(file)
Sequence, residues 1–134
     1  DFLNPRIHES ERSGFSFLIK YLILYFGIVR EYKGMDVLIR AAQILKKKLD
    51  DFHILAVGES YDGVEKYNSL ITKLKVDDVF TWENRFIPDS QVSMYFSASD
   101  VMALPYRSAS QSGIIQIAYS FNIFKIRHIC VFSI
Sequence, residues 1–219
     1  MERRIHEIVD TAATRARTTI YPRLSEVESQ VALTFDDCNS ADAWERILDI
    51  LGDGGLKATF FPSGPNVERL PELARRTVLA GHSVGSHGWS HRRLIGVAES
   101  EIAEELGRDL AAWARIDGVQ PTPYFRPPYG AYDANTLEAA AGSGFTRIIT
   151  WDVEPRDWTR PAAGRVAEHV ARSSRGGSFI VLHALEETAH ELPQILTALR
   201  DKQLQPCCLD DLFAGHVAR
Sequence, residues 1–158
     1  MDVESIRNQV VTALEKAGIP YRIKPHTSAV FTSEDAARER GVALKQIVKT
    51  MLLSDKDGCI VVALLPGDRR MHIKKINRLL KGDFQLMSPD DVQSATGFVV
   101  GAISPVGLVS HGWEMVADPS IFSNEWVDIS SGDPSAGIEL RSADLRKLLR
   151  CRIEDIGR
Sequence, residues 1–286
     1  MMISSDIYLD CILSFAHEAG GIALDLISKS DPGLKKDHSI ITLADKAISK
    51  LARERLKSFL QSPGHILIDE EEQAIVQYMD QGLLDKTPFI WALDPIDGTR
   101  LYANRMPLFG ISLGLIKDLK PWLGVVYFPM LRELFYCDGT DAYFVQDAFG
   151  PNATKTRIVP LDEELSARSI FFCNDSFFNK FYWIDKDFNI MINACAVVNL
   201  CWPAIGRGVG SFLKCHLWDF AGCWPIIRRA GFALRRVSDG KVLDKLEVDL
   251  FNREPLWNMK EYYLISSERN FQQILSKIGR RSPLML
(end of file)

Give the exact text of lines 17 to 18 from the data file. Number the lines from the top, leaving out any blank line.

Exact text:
     1  MMISSDIYLD CILSFAHEAG GIALDLISKS DPGLKKDHSI ITLADKAISK
    51  LARERLKSFL QSPGHILIDE EEQAIVQYMD QGLLDKTPFI WALDPIDGTR